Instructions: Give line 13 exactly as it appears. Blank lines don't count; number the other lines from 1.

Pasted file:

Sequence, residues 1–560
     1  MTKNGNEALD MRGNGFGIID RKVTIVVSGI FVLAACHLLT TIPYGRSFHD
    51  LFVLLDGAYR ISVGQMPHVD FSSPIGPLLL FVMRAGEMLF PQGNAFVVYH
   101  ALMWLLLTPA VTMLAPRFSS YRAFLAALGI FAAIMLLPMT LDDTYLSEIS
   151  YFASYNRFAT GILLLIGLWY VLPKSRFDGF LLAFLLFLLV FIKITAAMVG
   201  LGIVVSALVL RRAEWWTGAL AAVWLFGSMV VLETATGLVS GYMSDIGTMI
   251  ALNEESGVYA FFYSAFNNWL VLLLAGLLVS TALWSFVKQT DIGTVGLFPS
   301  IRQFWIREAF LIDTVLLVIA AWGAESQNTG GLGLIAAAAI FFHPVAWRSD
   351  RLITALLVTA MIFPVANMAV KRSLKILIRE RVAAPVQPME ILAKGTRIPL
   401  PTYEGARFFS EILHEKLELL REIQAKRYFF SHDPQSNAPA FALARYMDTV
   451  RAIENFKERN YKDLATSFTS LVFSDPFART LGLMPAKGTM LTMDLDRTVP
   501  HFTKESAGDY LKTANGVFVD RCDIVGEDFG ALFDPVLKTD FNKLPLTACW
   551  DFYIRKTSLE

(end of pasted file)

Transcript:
   551  DFYIRKTSLE